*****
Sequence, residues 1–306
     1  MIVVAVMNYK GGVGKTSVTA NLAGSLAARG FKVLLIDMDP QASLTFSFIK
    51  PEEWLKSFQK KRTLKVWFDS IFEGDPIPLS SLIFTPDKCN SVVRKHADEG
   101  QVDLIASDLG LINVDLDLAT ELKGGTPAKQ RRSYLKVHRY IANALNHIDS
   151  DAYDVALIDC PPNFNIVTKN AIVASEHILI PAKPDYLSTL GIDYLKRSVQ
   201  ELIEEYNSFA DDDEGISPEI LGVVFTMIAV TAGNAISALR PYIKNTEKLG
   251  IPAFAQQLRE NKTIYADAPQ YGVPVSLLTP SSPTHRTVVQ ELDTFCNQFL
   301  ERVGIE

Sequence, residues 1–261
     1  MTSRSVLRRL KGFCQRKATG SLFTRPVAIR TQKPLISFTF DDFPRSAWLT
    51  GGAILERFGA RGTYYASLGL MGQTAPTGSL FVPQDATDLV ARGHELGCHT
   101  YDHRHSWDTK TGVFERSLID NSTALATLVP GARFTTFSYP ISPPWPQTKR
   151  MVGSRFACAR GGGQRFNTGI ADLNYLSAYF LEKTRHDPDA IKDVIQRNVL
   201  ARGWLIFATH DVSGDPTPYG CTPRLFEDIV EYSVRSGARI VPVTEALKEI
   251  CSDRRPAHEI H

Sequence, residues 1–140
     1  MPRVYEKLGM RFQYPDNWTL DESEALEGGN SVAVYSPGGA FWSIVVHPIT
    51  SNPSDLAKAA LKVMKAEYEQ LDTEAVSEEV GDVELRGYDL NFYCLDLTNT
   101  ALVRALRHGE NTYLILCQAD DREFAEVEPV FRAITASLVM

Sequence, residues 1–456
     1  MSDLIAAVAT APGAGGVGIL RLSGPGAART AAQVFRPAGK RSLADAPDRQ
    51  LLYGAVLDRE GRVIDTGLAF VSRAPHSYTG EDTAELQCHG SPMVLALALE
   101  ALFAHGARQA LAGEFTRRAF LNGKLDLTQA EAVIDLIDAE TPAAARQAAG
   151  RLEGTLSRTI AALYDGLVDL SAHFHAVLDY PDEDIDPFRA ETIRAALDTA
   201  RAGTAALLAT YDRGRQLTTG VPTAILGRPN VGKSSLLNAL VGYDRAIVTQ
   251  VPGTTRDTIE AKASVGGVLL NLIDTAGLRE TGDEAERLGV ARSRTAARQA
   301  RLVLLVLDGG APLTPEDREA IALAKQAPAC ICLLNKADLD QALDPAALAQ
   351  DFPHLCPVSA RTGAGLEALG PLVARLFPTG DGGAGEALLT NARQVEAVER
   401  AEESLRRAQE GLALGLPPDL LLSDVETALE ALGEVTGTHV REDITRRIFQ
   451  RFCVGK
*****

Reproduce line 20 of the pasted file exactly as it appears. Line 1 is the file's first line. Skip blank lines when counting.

Sequence, residues 1–456